Momentum Indicator - ROC
Rate of Change ( ROC) - is a simple concept that measures the acceleration or deceleration of a price trend over time. ROC compares todays price with yesterdays. For example, a 13 day ROC is calculated by comparing todays price with the price of 13 days ago. ROC is centered around zero; it is positive when the Price is above its prior value and negative when its below.
ROC is a direct measurement of market movement and may simply be used to measure the percent change of a market between two bars identifying the "slope" of the market. It can also be used as an oscillator type of study defining overbought/oversold conditions to identify when the market has attained a significant move. The problem with ROC in this capacity is that it is an unbounded study making it difficult to set overbought/oversold benchmark extremes.
ROC, like other oscillators, may be used to identify divergence or confirmation of a new price extreme. A divergence indicates the market has lost momentum or has become highly volatile and is likely to consolidate or reverse. Confirmation between ROC and price indicates the market is still accelerating away from its moving average and follow through is likely. A difficulty in using divergence analysis on ROC is its calculation is based off of two specific dates and changes from bar to bar in the earlier date will affect the value of ROC to the same degree as changes in the current price.
Trend Deviation Indicator - MACD
Moving Average Convergent Divergent (MACD) - is a trend deviation oscillator that measures the difference between two exponential moving averages of different lengths. The two moving averages have different sensitivities to market action providing an indication of the development of a change in market environment, such as the emergence of a new trend or reversal.
The MACD is a simple and effective trend following tool. When the MACD crosses 0 it indicates the shorter, more sensitive, moving average is crossing over the longer, slower, moving average. Convergence of the two exponential averages, identified as the MACD moving toward 0, indicates a termination of a trend or impending consolidation. The divergence of the two exponential moving averages, movement away from 0 by the MACD, indicates the shorter/faster average is accelerating away from the longer/slower average and is associated with a strengthening trend. A cross above zero generates a buy signal while a cross below zero generates a sell signal.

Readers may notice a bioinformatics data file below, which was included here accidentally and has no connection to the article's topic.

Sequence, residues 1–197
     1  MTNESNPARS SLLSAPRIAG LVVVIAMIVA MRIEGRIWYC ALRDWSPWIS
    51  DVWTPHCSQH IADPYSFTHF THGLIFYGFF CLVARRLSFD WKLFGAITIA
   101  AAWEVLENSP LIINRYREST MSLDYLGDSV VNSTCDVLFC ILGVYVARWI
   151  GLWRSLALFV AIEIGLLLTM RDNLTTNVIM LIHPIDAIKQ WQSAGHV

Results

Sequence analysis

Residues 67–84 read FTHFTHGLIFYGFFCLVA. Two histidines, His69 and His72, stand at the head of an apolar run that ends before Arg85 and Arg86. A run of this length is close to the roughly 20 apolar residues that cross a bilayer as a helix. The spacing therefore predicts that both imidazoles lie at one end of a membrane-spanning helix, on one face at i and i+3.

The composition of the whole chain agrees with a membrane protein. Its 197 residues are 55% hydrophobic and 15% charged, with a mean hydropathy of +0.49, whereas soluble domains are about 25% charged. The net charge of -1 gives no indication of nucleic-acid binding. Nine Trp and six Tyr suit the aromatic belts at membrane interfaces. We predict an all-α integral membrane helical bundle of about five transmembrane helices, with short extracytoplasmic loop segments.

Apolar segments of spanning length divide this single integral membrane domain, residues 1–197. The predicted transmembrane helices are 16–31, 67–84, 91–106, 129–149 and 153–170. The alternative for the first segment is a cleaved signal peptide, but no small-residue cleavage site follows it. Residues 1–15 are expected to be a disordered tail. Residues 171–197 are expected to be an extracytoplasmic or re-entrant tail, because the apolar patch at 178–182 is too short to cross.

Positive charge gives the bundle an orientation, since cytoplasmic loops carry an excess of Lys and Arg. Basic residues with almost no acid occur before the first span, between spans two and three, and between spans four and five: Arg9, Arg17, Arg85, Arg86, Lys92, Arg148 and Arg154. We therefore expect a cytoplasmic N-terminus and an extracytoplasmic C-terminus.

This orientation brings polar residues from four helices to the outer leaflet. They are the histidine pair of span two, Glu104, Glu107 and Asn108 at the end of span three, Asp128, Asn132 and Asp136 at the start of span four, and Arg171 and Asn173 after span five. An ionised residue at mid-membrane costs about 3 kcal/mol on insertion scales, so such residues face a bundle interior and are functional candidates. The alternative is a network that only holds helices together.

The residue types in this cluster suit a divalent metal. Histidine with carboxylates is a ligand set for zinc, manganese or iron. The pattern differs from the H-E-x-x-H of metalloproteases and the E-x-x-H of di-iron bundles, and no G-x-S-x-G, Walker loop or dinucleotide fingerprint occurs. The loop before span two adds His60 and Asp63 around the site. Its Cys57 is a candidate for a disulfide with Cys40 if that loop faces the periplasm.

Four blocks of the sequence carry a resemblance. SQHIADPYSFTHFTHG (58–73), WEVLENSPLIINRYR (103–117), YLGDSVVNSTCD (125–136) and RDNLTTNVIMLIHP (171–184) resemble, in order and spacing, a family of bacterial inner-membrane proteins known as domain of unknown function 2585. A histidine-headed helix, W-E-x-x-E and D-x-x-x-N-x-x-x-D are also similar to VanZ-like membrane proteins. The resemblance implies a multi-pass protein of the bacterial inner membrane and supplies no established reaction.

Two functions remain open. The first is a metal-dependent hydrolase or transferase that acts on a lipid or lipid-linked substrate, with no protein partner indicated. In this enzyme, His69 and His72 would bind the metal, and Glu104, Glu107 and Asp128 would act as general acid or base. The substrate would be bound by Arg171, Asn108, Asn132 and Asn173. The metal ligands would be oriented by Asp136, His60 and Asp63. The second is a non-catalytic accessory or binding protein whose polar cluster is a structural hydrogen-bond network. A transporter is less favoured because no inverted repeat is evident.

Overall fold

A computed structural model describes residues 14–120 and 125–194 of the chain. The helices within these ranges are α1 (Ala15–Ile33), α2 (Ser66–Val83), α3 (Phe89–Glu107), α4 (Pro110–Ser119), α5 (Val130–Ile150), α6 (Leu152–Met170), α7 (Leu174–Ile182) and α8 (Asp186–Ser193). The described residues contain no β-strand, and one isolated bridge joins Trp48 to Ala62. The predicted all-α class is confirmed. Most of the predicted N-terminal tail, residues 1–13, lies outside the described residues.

The MACD is an unbounded study enabling it to follow the market as long as the trend is gaining momentum. The MACD can also be used as an overbought/oversold indicator by measuring the difference between the two averages. The unbounded nature of the indicators however makes it difficult to define benchmark overbought/oversold levels.
Turning Point Indicator FSTOCH / SSTOCH
Stochastic Indicator FSTOCH / SSTOCH- measures the relative position of the closing price within a given interval. The Stochastic method rests on the assumption that prices tend to close near the upper part of the trading range during an uptrend and near the lower part during a downtrend. This range refers to the trading period under consideration. As the trend approaches a turning point, the price closes further away from its extreme (i.e., away from the daily high in a rising market and from a daily low in a declining market). The objective of the Stochastic formula is to identify these points in an advancing market when the closes are clustered nearer to the lows than the highs, since this indicates that a trend reversal is at hand. For down markets the process is reversed.